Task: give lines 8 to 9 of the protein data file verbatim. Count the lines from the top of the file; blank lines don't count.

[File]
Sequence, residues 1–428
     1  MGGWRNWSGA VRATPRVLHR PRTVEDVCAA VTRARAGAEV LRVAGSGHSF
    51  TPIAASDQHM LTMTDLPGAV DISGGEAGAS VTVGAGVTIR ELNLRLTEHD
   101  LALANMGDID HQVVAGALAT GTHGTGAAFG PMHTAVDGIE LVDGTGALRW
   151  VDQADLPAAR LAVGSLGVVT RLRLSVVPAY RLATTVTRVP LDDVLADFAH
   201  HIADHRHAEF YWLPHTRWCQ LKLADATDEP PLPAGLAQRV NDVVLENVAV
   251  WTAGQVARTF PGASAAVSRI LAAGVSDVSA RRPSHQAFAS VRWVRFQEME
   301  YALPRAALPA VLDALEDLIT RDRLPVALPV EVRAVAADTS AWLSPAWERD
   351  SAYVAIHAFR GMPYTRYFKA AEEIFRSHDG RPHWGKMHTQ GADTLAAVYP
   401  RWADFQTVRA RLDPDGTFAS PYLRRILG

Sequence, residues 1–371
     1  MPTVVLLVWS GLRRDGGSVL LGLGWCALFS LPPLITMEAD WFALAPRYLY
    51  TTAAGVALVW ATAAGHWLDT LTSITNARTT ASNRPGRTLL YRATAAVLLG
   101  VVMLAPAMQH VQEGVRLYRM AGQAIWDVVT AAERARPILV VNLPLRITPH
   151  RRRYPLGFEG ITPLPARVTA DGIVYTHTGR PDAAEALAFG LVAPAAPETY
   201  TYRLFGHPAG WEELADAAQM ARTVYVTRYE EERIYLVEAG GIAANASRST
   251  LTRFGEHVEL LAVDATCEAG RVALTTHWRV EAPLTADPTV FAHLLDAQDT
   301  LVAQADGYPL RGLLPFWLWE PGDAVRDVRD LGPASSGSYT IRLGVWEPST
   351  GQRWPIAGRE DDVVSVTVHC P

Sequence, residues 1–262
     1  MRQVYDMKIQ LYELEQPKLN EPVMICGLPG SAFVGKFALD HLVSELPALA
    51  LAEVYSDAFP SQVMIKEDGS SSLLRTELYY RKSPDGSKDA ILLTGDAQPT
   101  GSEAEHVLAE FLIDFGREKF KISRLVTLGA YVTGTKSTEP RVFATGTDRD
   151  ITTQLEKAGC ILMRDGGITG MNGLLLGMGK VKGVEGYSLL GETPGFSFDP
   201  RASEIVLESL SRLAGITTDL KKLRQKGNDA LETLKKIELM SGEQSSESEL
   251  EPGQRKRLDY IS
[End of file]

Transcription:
   301  YALPRAALPA VLDALEDLIT RDRLPVALPV EVRAVAADTS AWLSPAWERD
   351  SAYVAIHAFR GMPYTRYFKA AEEIFRSHDG RPHWGKMHTQ GADTLAAVYP